2. Focus on Positive Goals, not just on results. We sometimes set unreasonable goals for ourselves and when we don’t reach them, we lose confidence in ourselves. Some people set goals like “I want to lose 30 lbs in 1 month” which is totally unhealthy. I once had a client who wanted to improve her figure by having a thigh gap. I had to patiently explain that this is an anatomical difference and can’t be easily modified with exercise or any weight loss program. Also, being skinny does not mean being healthy. When you run, you don’t reach the finish line by thinking about the finish line, but you focus on each grueling step that you take to reach it.

3. Set Your Direction. If focus means having positive and specific goals, then having direction means to make a clear strategy of your day-to-day actions to achieve your goals. Without an obvious next step, we tend to procrastinate. If possible, make a sequential list of things to do until you reach your goal. Identify the activities that lead to success. Some actions that you take can be good, but may not lead to your goal. Remind yourself everyday of what you need to do next. I think a good analogy of this in sports training would be Periodization. You have an ultimate direction towards your goal with the Macrocycle -your year long or season-long training plan. But you should still have your Mesocycle and ultimately your Microcycle which is specific to what you do for each training day.

It is inevitable to encounter failures and problems along the way as you take steps toward your goal. What’s important is that you strive and persevere and keep negative thoughts from killing your confidence and motivation. Martin Luther Jr said “You don’t have to see the whole staircase, just take the first step.”  And after that first step, keep focusing on the next steps ahead of you.


Be thankful for each step. Focus on positive and reasonable goals. And set a clear direction for every action that you take.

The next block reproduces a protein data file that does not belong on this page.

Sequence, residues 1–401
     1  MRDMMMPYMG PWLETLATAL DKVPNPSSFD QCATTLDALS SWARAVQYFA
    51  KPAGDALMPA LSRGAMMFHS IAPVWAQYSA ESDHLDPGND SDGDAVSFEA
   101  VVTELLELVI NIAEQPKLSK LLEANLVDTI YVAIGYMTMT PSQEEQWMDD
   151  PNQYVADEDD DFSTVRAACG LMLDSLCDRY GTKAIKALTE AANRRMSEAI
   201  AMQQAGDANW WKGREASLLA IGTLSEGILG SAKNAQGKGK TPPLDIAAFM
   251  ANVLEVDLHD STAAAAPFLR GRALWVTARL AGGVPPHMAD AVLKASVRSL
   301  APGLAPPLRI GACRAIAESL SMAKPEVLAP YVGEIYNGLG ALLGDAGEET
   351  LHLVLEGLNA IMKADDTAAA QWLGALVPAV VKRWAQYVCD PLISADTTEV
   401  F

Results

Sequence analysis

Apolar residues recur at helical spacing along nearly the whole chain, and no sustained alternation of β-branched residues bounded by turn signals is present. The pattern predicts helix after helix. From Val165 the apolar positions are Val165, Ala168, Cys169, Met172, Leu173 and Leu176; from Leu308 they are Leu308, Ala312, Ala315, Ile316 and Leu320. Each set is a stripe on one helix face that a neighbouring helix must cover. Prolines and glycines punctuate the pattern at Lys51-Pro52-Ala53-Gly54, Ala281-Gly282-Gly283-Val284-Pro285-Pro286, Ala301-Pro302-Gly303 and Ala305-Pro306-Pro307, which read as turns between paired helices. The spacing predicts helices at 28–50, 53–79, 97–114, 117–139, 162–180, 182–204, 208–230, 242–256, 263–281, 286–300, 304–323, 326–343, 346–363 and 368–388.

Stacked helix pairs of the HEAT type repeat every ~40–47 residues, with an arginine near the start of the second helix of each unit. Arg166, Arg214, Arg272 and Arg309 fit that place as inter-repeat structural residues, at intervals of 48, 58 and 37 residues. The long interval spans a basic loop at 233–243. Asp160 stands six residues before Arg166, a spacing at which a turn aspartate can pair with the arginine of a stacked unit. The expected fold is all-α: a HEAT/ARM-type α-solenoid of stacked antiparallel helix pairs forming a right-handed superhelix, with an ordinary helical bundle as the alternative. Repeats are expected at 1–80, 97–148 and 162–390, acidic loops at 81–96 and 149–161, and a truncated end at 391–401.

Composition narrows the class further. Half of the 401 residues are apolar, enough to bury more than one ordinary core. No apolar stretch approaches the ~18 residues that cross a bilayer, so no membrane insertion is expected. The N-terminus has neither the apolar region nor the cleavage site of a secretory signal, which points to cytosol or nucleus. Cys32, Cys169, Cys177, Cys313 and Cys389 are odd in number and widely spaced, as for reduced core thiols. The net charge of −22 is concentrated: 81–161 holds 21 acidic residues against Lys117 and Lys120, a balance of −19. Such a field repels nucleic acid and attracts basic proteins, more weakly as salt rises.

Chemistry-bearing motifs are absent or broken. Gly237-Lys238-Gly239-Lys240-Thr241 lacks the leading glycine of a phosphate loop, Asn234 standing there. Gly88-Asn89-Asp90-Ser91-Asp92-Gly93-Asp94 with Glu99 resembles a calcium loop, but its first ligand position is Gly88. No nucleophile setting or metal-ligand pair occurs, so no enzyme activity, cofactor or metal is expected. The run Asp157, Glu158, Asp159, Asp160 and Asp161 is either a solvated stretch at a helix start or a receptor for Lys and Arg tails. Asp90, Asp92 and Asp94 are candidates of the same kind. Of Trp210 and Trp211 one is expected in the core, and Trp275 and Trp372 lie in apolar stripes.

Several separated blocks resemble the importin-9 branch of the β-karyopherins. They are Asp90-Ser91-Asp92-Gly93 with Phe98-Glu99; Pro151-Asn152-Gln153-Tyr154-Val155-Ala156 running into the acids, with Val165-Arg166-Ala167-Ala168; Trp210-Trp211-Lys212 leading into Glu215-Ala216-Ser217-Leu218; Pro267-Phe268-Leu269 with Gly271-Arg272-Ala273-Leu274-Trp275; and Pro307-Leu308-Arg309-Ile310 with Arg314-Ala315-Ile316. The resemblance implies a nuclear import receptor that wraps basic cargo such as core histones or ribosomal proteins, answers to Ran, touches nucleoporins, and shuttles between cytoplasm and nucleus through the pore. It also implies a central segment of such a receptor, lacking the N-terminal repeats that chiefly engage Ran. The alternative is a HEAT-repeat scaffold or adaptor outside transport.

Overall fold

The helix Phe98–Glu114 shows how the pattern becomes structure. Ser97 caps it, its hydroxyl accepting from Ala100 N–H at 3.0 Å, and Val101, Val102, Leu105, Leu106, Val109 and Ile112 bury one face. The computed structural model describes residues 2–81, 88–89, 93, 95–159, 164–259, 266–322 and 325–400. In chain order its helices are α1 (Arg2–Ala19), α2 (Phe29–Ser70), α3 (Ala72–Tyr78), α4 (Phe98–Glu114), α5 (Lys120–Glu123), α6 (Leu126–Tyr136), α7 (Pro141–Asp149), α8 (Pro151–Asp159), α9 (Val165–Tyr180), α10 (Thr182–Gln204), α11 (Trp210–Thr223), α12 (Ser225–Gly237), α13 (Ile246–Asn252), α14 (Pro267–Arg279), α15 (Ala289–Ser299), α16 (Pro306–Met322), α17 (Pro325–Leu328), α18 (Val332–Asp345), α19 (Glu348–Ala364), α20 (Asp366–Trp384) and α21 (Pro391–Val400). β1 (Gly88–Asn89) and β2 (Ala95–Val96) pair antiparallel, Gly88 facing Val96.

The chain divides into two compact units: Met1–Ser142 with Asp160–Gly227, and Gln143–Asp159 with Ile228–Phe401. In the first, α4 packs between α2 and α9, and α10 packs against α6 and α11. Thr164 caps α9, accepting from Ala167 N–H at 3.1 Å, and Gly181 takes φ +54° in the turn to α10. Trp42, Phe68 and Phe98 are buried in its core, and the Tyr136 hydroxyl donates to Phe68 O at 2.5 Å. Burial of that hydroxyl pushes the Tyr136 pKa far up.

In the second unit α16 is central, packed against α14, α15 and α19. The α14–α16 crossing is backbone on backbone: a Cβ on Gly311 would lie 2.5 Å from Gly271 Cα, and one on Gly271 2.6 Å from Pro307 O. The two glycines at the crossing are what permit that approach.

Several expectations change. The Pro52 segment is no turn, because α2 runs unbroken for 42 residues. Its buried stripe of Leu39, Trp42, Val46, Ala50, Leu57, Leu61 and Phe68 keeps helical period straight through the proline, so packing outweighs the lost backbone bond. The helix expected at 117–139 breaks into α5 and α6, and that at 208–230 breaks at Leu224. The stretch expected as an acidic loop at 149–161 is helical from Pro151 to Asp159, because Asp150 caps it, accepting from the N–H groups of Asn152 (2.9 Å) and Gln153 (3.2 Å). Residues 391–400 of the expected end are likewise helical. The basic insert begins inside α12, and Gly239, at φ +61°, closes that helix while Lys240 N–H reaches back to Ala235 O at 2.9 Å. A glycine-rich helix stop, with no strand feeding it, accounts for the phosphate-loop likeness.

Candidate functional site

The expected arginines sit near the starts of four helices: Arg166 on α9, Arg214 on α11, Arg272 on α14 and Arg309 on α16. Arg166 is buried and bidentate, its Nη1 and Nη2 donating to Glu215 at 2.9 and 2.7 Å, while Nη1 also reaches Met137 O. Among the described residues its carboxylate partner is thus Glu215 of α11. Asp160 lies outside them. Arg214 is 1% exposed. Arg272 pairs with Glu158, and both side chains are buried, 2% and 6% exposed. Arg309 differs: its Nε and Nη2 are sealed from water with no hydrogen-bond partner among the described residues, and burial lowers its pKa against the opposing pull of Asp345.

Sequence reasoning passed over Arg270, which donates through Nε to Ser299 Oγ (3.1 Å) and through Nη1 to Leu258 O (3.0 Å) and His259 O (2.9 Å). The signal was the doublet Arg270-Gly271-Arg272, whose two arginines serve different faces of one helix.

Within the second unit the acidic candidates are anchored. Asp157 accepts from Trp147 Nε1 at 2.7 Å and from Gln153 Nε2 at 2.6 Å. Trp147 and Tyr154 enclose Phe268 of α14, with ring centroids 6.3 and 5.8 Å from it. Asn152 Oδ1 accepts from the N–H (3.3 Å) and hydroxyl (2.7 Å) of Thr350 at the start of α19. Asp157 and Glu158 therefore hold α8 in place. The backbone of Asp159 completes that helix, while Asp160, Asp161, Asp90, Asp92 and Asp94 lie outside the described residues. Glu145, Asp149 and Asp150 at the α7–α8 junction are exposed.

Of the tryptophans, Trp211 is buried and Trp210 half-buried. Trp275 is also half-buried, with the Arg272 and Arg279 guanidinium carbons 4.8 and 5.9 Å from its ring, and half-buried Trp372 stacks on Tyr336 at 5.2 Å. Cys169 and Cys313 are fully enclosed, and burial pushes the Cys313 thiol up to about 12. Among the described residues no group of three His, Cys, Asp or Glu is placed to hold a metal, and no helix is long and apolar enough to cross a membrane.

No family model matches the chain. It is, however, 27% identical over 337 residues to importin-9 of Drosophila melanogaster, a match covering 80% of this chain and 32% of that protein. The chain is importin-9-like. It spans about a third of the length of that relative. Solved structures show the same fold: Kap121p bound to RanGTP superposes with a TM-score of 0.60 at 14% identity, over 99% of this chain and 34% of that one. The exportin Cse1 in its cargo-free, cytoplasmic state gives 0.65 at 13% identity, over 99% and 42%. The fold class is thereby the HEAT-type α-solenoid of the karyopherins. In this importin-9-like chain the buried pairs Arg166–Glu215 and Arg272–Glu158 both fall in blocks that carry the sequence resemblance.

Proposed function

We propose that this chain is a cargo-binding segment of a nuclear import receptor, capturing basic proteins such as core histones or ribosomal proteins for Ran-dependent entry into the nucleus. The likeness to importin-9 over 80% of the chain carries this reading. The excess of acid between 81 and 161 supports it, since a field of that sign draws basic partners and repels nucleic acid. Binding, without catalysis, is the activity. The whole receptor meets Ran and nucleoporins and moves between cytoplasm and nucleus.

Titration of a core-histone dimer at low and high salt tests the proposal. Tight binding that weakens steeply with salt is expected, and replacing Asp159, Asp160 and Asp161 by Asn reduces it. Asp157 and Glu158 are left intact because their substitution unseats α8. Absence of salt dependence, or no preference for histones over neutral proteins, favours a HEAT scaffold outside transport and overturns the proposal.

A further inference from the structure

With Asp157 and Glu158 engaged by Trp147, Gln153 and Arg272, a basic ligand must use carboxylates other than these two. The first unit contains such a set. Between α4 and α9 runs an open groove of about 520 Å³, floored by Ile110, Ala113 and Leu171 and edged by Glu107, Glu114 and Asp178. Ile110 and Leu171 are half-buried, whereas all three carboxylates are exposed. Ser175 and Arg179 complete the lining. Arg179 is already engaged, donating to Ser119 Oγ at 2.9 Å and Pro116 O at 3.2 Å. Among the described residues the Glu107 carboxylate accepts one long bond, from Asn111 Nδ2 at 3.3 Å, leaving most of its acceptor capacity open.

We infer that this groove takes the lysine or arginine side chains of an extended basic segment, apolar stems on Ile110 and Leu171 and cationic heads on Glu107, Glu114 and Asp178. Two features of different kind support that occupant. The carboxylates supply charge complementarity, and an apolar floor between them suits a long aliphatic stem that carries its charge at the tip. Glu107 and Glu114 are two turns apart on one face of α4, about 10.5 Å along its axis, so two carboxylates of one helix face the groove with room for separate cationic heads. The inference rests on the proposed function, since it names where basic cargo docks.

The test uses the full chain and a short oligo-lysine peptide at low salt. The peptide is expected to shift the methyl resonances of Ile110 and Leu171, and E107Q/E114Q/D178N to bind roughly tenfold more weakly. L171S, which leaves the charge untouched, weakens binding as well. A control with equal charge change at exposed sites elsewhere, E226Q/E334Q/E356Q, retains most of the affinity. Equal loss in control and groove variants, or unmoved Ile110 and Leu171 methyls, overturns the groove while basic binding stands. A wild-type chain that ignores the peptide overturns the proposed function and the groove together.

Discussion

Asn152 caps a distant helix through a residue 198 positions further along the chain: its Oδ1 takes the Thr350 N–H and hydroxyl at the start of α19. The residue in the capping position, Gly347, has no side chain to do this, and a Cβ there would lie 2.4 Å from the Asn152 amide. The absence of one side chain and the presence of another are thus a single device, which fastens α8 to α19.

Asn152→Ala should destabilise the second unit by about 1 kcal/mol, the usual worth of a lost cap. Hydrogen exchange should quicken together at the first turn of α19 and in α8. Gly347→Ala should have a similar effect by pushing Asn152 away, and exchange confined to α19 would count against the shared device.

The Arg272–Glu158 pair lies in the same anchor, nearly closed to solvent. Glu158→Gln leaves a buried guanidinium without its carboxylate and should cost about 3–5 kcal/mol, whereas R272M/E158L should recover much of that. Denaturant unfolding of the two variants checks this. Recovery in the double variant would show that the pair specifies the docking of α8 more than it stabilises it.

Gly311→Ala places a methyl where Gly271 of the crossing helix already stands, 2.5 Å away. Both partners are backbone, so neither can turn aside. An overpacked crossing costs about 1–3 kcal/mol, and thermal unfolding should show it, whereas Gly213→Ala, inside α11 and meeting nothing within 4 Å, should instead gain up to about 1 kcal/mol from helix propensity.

This is a devotional that I shared to our Youth this Sunday:


Wood Chopping is a sport that has been around since 1970. There’s a story about one man who challenged a Champion Wood Chopper to a one-on-one competition on who could chop the most wood for one whole day. It’s an obvious test of endurance, strength, and perseverance. The challenger, prepared for the competition, worked very hard the whole day and stopped only for a quick lunch and just a couple of breaks in between. The champion though, enjoyed his lunch leisurely and took several breaks during the day. At the end of the competition, the challenger was surprised to see that the champion still had chopped more wood than he had.

“I don’t get it,” the challenger said. “I saw you rest several times during the day, yet you were still able to chop more than I did!”

“Yes, I rested a lot,” said the champion. “But what you didn’t see is that I’ve been sharpening my ax when I sat down to rest.”

Wood chopping contest


Dealing with life is like chopping wood – we have to work hard, give lots of effort, and persevere. But sometimes in the end we seem to have never chopped enough wood than we thought we would. We all feel the pressure from our responsibilities and priorities. To add to that, we’re already at the 3rd quarter of the year and we’ve yet to fulfill our resolutions from last year! For Filipinos, we know how we’re already approaching the ber-months (or the months ending in “ber“), and this signifies that Christmas is fast approaching which means there’s more busyness to come. Our to-do-list, deadlines, responsibilities, relationships, and other activities seem endless and make us feel exhausted. We wake up in the morning rushing to start the day and just go with the flow, letting the crammed schedule for the day pass by until we head back to our beds for another restless sleep.

What we don’t notice is that even if we have been chopping long and hard at life, our axes are getting dull. We feel that there’s no time to sit down and relax. We may stop for a while, but only to procrastinate because our minds need refreshing and sharpening. We give the same effort but accomplish less and less, until we realize how inefficient we’re becoming.

What is the secret to working hard but still living well and not overloading our bodies to exhaustion?

We can be efficient and see results from all our efforts. We can handle things properly without being too stressed from all the stress in life.